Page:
ATLAS shrugged off: FDA panel rejects rivaroxaban for ACS patients

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heart, cardiology, practice management - 17.26 Kb
SILVER SPRINGS, Md.—The FDA’s Cardiovascular and Renal Drugs Advisory Committee (CRDAC) did not recommend that rivaroxaban (Xarelto, Bayer HealthCare/Janssen Pharmaceuticals) be used in patients with acute coronary syndromes (ACS), in a six to four vote, with one abstaining, after an intense eight hours about the results of the ATLAS ACS 2 TIMI trial that mainly focused on missing data.

During an all-day discussion on May 23, the panel committee weighed multiple issues surrounding the design and the execution of the trial, with particular focus on dosing, labeling and rivaroxaban’s use with a thienopyridine.

About the two rivaroxaban doses assessed in the trial, there was a “strong consensus” among panelists about the benefits of evaluating both 2.5 mg BID and 5 mg BID, as noted by acting committee chairperson Philip Sager, MD, of the FDA’s CRDAC. Specifically, Debra Madden of Newtown, Conn., who served as the patient representative on the panel, commended the study’s sponsor for “asking a question with clinical relevance to patients by evaluating and recognizing that a higher dose may be too much for patients.”

Sanjay Kaul, MD, director of the cardiovascular diseases fellowship training program at Cedars-Sinai Heart Institute in Los Angeles, added the caveat that due to the “missing data, it remains to be seen how the 2.5 mg BID dose group truly did.” For myriad reasons, the panel resoundingly supported a greater reliance on intention-to-treat (ITT) trials, as opposed to the modified intention-to-treat evaluation used in this trial. While the FDA had initially recommended an ITT analysis, the agency eventually accepted the modification from the sponsor while the trial was still ongoing.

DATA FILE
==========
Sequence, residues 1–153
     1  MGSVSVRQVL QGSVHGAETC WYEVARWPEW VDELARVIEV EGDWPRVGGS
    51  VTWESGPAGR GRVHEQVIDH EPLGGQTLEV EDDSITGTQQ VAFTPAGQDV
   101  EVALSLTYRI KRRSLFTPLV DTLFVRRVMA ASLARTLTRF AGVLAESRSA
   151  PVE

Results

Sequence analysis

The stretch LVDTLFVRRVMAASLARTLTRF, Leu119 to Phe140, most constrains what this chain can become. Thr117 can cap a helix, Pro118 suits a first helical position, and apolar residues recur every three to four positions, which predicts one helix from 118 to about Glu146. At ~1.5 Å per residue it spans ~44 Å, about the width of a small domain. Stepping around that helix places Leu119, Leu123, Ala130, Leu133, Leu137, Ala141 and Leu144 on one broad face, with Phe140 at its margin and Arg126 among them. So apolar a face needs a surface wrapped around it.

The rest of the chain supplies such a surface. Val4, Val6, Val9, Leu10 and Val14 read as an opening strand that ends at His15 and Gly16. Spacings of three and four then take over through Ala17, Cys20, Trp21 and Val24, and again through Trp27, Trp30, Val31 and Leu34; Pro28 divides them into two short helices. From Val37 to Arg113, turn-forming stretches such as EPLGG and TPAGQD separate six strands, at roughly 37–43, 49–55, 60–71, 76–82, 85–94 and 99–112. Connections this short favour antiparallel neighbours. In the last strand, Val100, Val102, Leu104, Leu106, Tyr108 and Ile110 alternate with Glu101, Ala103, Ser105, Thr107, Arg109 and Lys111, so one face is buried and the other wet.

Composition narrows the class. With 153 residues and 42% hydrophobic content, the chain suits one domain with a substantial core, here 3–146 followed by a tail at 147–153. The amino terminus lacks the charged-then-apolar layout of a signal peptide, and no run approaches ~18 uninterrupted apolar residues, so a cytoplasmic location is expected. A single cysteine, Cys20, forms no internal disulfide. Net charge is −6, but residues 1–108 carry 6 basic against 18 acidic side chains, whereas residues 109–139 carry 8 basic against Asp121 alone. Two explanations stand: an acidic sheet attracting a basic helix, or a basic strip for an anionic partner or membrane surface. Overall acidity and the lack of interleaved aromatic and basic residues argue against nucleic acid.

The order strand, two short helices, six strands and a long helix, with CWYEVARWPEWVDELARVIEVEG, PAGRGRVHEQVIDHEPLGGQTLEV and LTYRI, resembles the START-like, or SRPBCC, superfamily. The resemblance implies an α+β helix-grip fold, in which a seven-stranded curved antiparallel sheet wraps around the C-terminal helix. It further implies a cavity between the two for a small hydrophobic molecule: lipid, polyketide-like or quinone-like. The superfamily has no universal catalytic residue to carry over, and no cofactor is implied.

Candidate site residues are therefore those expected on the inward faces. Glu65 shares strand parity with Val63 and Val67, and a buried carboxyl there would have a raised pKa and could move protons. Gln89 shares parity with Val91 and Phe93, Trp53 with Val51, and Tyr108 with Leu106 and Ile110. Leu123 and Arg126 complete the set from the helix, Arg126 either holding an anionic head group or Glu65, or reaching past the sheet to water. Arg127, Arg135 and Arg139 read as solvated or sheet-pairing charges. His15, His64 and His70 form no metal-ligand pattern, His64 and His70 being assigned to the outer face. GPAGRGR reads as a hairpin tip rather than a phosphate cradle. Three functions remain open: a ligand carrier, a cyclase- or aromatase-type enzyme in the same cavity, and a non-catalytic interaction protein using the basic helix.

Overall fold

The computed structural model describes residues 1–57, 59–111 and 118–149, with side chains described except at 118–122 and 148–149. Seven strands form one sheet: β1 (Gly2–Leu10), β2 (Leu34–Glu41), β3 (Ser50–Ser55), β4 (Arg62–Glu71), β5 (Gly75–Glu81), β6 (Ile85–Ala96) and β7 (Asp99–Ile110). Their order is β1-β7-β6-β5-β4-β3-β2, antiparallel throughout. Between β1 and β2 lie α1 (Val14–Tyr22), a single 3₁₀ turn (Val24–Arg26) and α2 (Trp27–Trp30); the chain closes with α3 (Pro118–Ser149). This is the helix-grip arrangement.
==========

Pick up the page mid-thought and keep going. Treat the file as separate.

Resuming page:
About the missing data, Kaul expressed his “concern” about the rate, compared with the APPRAISE-2 trial. While the sensitivity analysis conducted by the sponsor of this trial seemed to quell some of the panel’s concerns, there was consensus that the missing data coupled with a lack of robustness of the endpoints was “problematic,” summed Sager.

Missing data is “a significant issue in this trial,” said Thomas R. Fleming, MD, a biostatistician at the University of Washington in Seattle, adding that the optimal time to address patient withdrawal is during the trial. “Thus, a plan for following up with patients who withdraw from trials needs to be proactively addressed at the design protocol stage, and not retrospectively.”

Kaul and Steven Nissen, MD, of the Cleveland Clinic, tipped their hats at their negative votes during the panel discussion when they said the bleeding risks were too strong to overcome the mortality benefits. Also, Mori Krantz, MD, director of the Colorado Prevention Center at University of Colorado in Denver, spoke to the devastating impact that stroke on patients.

The FDA is not required to take the recommendations of the panel, but it most often does.